Big water/bad weather boating advice thread

Discussion in 'Boats, Blinds, & Gadgets Forum' started by billblack, Dec 13, 2010.

  1. longduck

    longduck Senior Refuge Member

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    Oct 12, 2008
    Location:
    California
    Tie a little string on the plug so it doesn't go under.
     
  2. sbe023

    sbe023 Senior Refuge Member

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    661
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    Mar 15, 2002
    Location:
    cleveland
    Commenting Lake Erie you definitely have to know what your boat is capable of handling please find out in the summer.and don't go out underpowered especially with all the duck hunting equipment and buddies you may have on board
     
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  3. Rock hunter

    Rock hunter New Member

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    Dec 7, 2018
    Yes lord, actually got caught out on the lake this week testing my new boat when the wind came. I slept on an island until morning. Already came too close, twice, to sinking a larger boat than what I was in.
     
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  4. Joe Guide

    Joe Guide Refuge Member

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    Oct 10, 2008
    Location:
    Coastal North Carolina

    Too many deaths occur to a combination of events, yets we too often see small boats, canoes with underpowered engines. hypotherma kills and no duck or goose...is worth you going out in 30K > winds in winter.
    ***++*** Nothing like keeping a {waterproof Emergency Float Bag} with complete change of -wool clothes, socks, wooly hat, gloves...thermal blanket, small med kit. fire starter/waterproof matches and lighter).

    I keep one of those kits in my skiff (JUST in case) and a Mr. Heater can be a blessing too, I used to float and fish nasty weather and big rivers in Western WA State. Winters there werer quite different, and used to see lots of Hypothermia cases working SAR out of NAS-WI, WA.

    All flyways are unique and different issues evolve....be prepared....use some good...common sense...and enjoy your outdoors experience.

    V/R
    Joe Guide
    OWAA Outdoor writer
     
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  5. lowandslow

    lowandslow New Member

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    Feb 2, 2017
    after I loaded 2 guys in the layout, I noticed I was taking on water and only had one of the 2 plugs in, I pulled into the some nearby cattails and cut the stalk down low where its stiff and crammed it into the plug hole. it stopped immediately and we were able to hunt that day.
    we were only a mile from the ramp, but keep that in mind it worked nicely.
     
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  6. HaydenHunter

    HaydenHunter Elite Refuge Member

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    Dec 4, 2000
    Location:
    Hayden Lake, ID USA
    Was out once and found I had no plug for the drain. Pulled out a socket from my tool kit, took a couple of wraps of duct tape for custom sizing and hammered it into the hole. It was a little bit of a bitch to get out, but it saved a hunt.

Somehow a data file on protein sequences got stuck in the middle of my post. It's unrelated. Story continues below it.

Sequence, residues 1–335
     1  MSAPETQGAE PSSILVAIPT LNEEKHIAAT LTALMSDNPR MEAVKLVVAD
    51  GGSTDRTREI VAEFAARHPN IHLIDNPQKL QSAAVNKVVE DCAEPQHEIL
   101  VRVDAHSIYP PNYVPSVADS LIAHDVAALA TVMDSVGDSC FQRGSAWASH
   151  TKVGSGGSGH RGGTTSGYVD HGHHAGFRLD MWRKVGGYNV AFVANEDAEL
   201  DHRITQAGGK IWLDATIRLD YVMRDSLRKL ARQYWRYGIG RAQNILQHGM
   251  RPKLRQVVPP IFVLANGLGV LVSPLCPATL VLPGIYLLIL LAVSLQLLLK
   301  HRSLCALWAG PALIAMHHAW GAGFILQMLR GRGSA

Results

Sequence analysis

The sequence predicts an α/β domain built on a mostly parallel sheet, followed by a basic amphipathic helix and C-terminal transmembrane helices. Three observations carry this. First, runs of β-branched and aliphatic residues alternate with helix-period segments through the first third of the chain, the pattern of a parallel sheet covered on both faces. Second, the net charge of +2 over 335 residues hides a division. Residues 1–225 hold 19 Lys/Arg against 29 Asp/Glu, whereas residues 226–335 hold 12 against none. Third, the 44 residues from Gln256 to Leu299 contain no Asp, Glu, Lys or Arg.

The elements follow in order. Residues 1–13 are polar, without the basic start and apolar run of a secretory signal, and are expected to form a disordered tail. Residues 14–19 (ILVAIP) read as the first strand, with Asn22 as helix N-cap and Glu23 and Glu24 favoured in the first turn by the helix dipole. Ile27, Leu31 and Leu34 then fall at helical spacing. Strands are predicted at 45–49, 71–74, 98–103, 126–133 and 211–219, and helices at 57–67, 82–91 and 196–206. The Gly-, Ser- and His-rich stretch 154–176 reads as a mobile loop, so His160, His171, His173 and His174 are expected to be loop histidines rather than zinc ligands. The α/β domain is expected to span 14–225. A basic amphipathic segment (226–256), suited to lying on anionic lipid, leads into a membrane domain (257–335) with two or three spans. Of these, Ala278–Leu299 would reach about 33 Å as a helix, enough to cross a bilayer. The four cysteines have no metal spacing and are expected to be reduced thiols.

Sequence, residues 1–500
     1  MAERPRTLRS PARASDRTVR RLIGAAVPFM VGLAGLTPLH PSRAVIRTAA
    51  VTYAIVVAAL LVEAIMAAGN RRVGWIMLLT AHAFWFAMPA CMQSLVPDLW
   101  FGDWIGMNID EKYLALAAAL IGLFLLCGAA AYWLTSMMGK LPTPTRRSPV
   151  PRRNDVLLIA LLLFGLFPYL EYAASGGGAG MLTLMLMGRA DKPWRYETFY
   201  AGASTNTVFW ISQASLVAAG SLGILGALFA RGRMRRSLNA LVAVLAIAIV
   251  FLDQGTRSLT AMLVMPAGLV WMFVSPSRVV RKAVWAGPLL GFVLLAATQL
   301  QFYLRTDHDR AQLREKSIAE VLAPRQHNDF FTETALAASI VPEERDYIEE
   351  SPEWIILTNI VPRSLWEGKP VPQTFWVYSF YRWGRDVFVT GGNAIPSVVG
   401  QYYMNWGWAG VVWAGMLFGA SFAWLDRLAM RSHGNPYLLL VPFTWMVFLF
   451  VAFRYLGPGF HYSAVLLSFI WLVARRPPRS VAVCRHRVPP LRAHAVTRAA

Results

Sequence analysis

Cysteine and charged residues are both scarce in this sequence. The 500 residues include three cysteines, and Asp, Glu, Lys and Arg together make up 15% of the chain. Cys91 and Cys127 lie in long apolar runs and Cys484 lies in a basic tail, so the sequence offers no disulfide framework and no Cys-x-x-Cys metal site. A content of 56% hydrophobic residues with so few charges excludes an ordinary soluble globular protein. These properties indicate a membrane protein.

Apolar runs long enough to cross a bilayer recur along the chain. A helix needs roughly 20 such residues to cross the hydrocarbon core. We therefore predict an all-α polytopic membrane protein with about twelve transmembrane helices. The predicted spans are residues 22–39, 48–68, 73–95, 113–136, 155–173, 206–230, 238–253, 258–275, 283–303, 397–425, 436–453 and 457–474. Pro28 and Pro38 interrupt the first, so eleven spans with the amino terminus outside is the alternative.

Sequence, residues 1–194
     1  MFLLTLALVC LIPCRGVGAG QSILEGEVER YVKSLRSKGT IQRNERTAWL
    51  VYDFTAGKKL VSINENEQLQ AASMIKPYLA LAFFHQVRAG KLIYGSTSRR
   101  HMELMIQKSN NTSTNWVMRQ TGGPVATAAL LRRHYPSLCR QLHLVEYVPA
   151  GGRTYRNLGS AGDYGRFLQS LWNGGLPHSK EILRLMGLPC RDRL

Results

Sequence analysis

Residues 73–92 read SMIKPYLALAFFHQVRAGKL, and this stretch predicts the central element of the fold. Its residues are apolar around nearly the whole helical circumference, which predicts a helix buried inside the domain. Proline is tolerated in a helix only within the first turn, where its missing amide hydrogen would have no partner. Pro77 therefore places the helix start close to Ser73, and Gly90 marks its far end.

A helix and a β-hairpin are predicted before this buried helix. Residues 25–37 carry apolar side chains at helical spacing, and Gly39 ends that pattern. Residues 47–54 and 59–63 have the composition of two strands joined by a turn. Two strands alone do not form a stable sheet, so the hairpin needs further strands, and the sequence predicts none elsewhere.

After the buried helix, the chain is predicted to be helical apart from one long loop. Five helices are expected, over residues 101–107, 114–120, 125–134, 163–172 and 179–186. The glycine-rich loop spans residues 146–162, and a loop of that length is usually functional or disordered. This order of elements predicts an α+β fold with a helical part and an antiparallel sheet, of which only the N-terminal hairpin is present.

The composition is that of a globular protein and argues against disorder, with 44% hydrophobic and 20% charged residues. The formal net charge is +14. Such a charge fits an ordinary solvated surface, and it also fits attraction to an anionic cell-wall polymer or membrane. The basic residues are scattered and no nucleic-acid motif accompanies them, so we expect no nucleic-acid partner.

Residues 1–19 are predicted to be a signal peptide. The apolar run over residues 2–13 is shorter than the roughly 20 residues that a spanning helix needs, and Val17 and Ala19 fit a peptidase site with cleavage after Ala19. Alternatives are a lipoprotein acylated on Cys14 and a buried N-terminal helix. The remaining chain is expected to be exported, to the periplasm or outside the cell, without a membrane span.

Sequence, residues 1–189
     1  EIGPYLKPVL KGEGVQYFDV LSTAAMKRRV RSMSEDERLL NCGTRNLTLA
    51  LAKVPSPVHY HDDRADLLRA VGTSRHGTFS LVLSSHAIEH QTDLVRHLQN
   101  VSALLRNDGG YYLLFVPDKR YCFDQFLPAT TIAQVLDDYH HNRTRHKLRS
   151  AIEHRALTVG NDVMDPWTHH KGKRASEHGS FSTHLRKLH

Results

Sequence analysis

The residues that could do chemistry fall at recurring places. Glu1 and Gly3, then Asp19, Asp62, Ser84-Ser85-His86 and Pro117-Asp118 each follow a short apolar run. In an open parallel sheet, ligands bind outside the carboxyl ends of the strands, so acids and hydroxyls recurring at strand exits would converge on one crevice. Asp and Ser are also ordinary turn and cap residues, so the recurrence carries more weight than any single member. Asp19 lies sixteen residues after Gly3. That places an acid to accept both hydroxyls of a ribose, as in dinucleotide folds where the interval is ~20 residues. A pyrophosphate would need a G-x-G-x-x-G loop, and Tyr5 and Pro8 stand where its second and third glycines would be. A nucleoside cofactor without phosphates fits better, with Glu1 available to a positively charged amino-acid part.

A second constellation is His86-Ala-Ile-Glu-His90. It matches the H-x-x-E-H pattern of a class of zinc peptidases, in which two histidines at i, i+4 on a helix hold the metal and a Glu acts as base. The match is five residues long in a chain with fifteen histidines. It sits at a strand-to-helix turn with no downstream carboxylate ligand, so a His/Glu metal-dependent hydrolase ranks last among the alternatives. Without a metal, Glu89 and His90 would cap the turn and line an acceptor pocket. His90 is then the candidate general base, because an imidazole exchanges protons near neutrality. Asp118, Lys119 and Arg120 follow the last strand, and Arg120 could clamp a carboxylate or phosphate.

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  7. bayport

    bayport Senior Refuge Member

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    Nov 15, 2007
    Location:
    SE Fla
    You guys don't keep spare plugs in your tool kit?????
     
  8. DAL

    DAL New Member

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    Nov 19, 2019
    A lot of good info here that I will use. Particularly having flares available, and a satchel of emergency items attached to a pfd, just to name a couple. But sorry, if one thinks that a substitute for a plug at the ramp, or point, is to use a socket rapped with duct tape or shoving the bottom end of a cattail reed into the drain hole of a boat, in order to complete the hunt, is considered a better option then to cancel the hunt, formulate a plan and head immediately to the launch when suitable to do so...well...then I guess I just don't get it..
    As forest said...Stupid is as stupid does. But that's just me ;)
     
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  9. HaydenHunter

    HaydenHunter Elite Refuge Member

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    Location:
    Hayden Lake, ID USA
    Yes I do, until I open the kit one day and it's not there.
     
  10. HaydenHunter

    HaydenHunter Elite Refuge Member

    Messages:
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    Location:
    Hayden Lake, ID USA
    Well, if you go through this thread and look at all 6 pages you will see that I have posted often with helpful and possibly life saving info / tips, but I don't think it's the end of the world that I wrapped a little duct tape around a socket and tapped it into the hole to save a hunt. Come on...it worked as well as any plug. I spend a lot of time and effort to make sure my boat is in top running shape, so it's not like I am running a clap-trap death rig.

    What happens on my boat is if I leave the plug in a certain area of the boat after removing it it will rattle over and slide under the floor. I probably have 15 plugs under the floor that are not retrievable. And I don't want to seal the floor, as bilge water would have no way to make it to the bilge pump.

    Sometimes you get caught out there with no plug and all of your backups have been used / lost. Necessity is the mother of invention.
     

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